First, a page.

Manipuri? Where do you come from? Travel

The Peoples of Valleys and Mountains are blessed with Nature’s abundance, as well as, the challenges that come from being remote, one-with the elements of Nature and its expressions of joy and fury. In India, the region of the North-East, with its Seven Sister States, Mizoram, Arunachal Pradesh, Manipur, Nagaland, Meghalaya, Tripura, Assam has an additional interesting element to it. The features, language, a few dozen dialects, as well as, the popular cuisine include rich Tribal and sometimes even cross- border cultural influences.

India’s diversity can be overwhelming even to Indians. I’ve had the privilege of a close association with Manipur courtesy Nongthombam Sujit, of Manipuri Meitei descent. Sujit is the Marketing head of CraftsBazaar and passionately promotes all North-Eastern Handicrafts and Tourism. He’s shared the texture of his roots in the few pictures below as the cultural significance of these.

Manipur has been largely agrarian. However, it is also the state with the highest number of Craftspersons and the most handicrafts of all the states of India’s North-east. Of these Manipuri weaving, Manipur Black Pottery and Kauna Grass Weaves, take the lead.

The prominent articles of traditional clothing that are a combination of weaving and embroidery include:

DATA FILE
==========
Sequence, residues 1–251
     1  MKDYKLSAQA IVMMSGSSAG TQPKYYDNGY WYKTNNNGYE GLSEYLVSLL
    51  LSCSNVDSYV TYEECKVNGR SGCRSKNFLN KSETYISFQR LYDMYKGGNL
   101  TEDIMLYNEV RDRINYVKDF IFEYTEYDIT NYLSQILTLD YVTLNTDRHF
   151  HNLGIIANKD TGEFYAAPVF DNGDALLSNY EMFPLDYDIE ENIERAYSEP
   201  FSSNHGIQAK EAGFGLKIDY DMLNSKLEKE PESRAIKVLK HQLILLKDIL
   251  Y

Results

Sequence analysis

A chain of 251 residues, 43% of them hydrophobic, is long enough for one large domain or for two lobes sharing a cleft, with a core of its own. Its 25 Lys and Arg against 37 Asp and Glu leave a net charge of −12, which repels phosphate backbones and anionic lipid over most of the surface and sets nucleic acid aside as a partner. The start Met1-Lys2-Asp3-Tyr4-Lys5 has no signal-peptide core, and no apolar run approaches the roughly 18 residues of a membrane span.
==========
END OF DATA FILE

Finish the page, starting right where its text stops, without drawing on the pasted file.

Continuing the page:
• Lamphie: A special shawl worn by warriors when they left for battle. This is embroidered for them by the women of the community. It functions as a uniform worn during battle or a “War Cloth”.
  • Ningthouphee: A gift, the waist-coat, bestowed by the King to his warriors.
  • Saijounba: An elaborately embroidered full-length Coat specially made for the select few in the King’s inner circle of Courtiers.
  • Phirananba: Plumes on the Warrior’s turbans in the shapes of delicately embroidered flags.
  • Namthang-khut-hut: Specifically limited to the women of the Royal clan, this design is used on the wrapper and is said to be from the head of Pakhangba.
  • Khamenchatpa: These are special designs applied to lower-garments or Dhotis, for the more celebrated and distinguished people, as a symbol of honour.
  • Phiranji: This traditional blood-red shawl-blanket is a token of respect and is presented to those deserving few who do their community proud.